Pastor Mike Winger finds Isaiah 53 to be a convincing argument for Jesus in Tanakh. He’s right about one thing. In a Christain culture, anyone reading the passage will find Jesus in it. However, I wondered if the same holds true in the time of Jesus. What did people believe then? Of course, the New Testament confirms his findings. But do they record people teaching this before the death of Jesus? Here we look at several passages.
The Road to Emmaus.
Here we see a couple of Jesus disciples after his death. Did they find hope in how the events matched the prophecy of Isaiah 53? No. On the contrary, they were discouraged. In fact, even after hearing of his resurrection they still doubted. Clearly they didn’t see Isaiah 53 as relating to Jesus.
The Ethiopian Eunuch
Here, the Ethiopian Eunuch is reading Isaiah 53. Does he recognize that he is reading about the Messiah? Not at all. He later asks Phillip whom the prophet was talking about. Clearly, he didn’t see this as a Messianic passage. However, he was just a convert. How about a Jewish crowd? Certainly they would know, right?
Jesus tells the crowd that he must die.
Notice, the crowd believes that the Messiah will live forever. Clearly, Isaiah 53 can’t be about the Messiah. Moreover, when Jesus responds to them in verses 35-36, he doesn’t mention Isaiah 53 to defend his point. It is left to John after the fact to add this as an editorial note, that this occurrence somehow fulfilled the prophecy in Isaiah.
Peter rebukes Jesus.
Immediately after declaring Jesus to be the Messiah, Peter rebukes Jesus for saying that he would suffer and die. Obviously, Peter didn’t see the “suffering servant” as being the Messiah.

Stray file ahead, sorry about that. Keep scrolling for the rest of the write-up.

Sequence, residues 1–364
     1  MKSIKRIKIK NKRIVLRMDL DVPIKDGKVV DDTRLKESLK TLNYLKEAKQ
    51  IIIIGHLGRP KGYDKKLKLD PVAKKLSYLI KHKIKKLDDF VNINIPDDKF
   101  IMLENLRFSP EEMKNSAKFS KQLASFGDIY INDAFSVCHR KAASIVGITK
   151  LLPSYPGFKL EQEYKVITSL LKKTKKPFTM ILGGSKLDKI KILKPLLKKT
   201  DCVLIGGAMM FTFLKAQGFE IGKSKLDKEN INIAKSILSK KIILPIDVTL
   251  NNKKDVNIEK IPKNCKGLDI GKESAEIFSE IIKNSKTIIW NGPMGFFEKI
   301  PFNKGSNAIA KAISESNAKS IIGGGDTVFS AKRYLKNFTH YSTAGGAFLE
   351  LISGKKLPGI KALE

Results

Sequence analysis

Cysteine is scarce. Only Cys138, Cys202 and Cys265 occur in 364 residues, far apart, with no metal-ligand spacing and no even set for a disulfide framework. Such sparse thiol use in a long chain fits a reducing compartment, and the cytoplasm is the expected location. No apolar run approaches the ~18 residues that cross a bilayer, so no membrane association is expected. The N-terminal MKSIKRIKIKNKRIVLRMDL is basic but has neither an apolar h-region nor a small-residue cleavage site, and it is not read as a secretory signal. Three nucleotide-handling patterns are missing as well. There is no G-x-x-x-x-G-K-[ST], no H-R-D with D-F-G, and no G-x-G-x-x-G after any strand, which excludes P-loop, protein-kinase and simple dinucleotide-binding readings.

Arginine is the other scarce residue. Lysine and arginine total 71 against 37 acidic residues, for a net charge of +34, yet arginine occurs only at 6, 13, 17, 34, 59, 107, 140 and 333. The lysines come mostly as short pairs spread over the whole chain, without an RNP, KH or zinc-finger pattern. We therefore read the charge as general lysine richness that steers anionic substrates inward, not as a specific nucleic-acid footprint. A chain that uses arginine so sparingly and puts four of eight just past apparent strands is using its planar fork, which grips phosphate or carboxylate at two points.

Why does this matter?
Christians often accuse the Rabbis of reinterpreting Isaiah 53 as being about Israel because they rejected Jesus. However, it is here that we find that the Christians reinterpreted the passage because they accepted Jesus. In other words, having a dead Messiah was untenable. Unless… what if they could find a prophecy that says that the Messiah must die? And so they did. But prior to the death of Jesus, even those very disciples who would later proclaim this interpretation didn’t see it that way themselves.
Is it then reasonable for us to teach this as the correct interpretation of this passage? I would say that it is not. However, I don’t expect the practice to stop. We simply need to keep these facts in mind when we hear the teaching. and draw our conclusions on the preponderance of the evidence.
This is a bad argument. The Targums and several Jewish commentaries from before the time of Christ (and even a bit after) refer to Isaiah 53 as Messianic. That’s a smoking gun. Would it chanfe your mind if true? Happy to go into details if it would.
If it’s a bad argument, then refute my point, don’t redirect to another one. In other words, show me where the followers of Jesus saw Isaiah 53 as specifically talking about Jesus during his lifetime.
It’s easy to say they saw it as Messianic in a generic way. That’s true of a lot of stuff. My point is that there was no consensus on this view, and they specific points of relation that were used after his death weren’t seen as relevant before his death. And, it’s worth noting how Christians intentionally mistranslate the passage to make it fit Jesus.
Isaiah 53:9 (ESV):
And they made his grave with the wicked
and with a rich man in his death,
although he had done no violence,
and there was no deceit in his mouth.
The word translated “death” there is plural, consistent with the reading of Israel as the servant, but not consistent with the reading of Jesus as the servant.
They made his grave with the wicked, and with a rich man in his deaths.
But I would steelman your point here. Even counter-missionary rabbis like Tovia Singer concede that Isaiah 53 is messianic. They say that it is talking about the righteous remnant in the last days, one of which will in fact be the Messiah. They just don’t see it as being about Jesus.